Most of us know climate change is bad for us. What is less discussed is the causes of climate change – burning fossil fuels and overconsumption of natural resources – and how different sectors contribute.
In Australia, our healthcare system’s carbon footprint is 7 per cent of Australia’s total emissions – the same as the entire emissions of the state of South Australia.
Health services are huge consumers of natural resources, generating vast amounts of waste, and creating a substantial carbon footprint.
We are not helpless in the face of this – there are proven solutions to reduce the impact of the healthcare sector already happening elsewhere in the world.
This was a central theme in the recent Australian visit of Dr David Pencheon.
For the past decade, Dr Pencheon has been at the helm of the Sustainable Development Unit: a unit tasked with reducing the carbon emissions of the National Health Service in England.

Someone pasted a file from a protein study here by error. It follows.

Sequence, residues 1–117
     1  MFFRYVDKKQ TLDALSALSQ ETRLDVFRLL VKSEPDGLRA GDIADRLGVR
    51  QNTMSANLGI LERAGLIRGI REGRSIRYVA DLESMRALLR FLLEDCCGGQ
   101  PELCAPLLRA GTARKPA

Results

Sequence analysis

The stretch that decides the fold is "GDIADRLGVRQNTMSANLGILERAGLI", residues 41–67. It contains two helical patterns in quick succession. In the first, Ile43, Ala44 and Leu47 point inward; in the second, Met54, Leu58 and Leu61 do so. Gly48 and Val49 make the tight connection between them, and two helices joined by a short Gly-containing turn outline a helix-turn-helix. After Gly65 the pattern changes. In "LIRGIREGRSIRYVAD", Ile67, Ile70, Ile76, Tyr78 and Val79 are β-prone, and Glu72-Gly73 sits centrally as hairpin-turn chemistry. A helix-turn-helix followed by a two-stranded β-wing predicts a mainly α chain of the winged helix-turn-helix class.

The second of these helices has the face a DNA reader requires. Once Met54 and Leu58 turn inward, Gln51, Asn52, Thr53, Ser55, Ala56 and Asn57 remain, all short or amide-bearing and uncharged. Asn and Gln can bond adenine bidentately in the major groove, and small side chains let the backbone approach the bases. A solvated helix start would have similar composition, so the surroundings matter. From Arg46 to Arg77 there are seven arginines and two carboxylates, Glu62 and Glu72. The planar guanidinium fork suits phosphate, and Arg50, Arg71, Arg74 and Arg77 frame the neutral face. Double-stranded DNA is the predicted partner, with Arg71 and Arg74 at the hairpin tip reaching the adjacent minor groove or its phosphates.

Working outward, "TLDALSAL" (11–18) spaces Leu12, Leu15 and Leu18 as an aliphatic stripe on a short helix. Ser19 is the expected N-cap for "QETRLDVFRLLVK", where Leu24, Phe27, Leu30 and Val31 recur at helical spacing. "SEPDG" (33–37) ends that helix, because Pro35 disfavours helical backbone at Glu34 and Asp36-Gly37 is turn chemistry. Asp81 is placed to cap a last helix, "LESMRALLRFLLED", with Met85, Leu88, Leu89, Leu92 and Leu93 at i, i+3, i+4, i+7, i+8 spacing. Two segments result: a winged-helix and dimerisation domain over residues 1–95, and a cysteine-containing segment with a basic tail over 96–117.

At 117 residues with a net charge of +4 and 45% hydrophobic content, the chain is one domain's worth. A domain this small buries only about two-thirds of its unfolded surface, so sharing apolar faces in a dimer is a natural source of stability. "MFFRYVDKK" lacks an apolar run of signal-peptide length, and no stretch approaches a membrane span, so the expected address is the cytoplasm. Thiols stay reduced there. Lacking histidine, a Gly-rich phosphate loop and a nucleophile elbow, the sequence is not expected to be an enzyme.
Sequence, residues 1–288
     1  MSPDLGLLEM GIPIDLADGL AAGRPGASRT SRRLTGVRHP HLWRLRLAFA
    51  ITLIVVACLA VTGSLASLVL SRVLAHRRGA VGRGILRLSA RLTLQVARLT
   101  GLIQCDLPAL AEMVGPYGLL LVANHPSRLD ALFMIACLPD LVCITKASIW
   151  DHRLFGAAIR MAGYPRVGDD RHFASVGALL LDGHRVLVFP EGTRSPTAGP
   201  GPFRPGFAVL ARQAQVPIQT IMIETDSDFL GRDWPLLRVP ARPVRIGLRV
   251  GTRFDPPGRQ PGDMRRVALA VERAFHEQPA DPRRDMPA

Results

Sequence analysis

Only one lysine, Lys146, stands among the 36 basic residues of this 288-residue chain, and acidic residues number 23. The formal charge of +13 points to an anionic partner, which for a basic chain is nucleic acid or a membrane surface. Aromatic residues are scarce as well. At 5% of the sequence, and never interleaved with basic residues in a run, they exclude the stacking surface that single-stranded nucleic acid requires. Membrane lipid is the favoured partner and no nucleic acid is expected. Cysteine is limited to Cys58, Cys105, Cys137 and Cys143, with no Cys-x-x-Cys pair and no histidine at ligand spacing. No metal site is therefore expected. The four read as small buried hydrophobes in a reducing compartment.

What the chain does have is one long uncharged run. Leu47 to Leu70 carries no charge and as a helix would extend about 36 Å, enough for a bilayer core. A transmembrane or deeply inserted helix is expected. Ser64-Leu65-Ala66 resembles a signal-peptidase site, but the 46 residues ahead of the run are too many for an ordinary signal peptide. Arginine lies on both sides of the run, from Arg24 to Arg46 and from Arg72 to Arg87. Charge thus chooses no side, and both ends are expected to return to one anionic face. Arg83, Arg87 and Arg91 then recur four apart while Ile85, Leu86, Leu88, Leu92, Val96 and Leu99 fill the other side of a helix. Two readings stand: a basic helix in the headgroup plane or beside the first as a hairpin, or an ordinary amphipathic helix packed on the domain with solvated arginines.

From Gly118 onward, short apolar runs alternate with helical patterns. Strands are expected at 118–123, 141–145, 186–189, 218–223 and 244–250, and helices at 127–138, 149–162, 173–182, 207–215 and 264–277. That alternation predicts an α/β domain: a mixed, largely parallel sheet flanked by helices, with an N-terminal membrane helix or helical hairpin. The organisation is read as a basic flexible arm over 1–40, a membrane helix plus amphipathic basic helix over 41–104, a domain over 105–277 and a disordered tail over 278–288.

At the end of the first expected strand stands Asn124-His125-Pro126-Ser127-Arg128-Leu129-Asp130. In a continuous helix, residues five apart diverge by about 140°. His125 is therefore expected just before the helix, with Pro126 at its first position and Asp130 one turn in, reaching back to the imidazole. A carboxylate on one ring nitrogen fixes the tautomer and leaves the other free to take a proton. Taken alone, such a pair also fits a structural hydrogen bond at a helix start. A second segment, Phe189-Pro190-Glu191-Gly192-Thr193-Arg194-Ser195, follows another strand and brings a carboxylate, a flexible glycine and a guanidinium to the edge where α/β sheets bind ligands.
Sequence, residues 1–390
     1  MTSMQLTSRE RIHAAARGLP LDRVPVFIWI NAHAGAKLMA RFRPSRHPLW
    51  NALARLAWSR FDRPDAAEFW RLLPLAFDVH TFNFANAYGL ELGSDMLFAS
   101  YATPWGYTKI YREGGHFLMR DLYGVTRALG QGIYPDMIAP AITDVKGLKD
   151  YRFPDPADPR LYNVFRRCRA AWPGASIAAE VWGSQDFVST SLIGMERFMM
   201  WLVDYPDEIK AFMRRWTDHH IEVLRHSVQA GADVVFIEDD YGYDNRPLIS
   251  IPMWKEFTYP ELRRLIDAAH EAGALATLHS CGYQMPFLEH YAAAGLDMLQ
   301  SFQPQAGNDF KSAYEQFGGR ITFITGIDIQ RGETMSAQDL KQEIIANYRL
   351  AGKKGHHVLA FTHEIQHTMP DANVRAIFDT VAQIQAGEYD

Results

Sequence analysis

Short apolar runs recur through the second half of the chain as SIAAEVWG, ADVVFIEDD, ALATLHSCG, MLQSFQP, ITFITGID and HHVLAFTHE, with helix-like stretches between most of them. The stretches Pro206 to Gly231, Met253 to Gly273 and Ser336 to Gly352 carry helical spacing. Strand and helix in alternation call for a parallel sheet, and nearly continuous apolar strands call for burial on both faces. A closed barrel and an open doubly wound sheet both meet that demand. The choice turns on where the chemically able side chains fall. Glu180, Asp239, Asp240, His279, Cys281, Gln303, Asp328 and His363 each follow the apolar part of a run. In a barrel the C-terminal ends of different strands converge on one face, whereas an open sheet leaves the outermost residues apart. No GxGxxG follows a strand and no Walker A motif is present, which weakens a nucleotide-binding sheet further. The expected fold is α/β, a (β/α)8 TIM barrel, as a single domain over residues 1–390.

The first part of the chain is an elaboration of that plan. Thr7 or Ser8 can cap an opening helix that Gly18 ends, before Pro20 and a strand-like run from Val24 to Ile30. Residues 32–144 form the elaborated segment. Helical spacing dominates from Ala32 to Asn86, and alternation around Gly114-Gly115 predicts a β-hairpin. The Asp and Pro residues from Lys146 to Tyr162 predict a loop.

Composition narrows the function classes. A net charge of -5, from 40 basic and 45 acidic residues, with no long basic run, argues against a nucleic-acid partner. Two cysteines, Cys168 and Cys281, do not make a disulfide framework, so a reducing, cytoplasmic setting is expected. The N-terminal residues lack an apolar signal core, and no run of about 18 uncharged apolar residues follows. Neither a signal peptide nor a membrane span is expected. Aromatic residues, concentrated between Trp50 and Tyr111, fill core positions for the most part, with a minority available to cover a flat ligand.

The NHS Sustainable Development Unit has been remarkably successful in reducing carbon emissions of the healthcare sector in the UK. Between 2007 and 2015 the NHS reduced its emissions by 11 per cent, saving GBP 1.85 billion along the way.
By reducing the spending on energy, water and waste, they have shifted the use of money to directly improving patient health and care.
For example, by supporting healthier, plant-based food options and active transport (walking, cycling and public transport) facilities for patients, staff and visitors, health services can promote health and save carbon.
A health system with greater focus on preventing illness and promoting health, the judicious use of resources, less waste and low-carbon models of care will have health, financial and environmental benefits across Australia.
If you’re a health professional, you have an ethical responsibility to get involved in working towards a healthier planet.
Join or start an initiative in your own workplace, or contact the Climate and Health Alliance, Global Green and Healthy Hospitals, or Doctors for the Environment Australia.
If you’re a community member, ask your health professional what they’re doing, and act yourself: divest, get involved in community climate action, voice your concern to your local political representative.
We need all hands on deck! There is much to do, and not much time left to do it.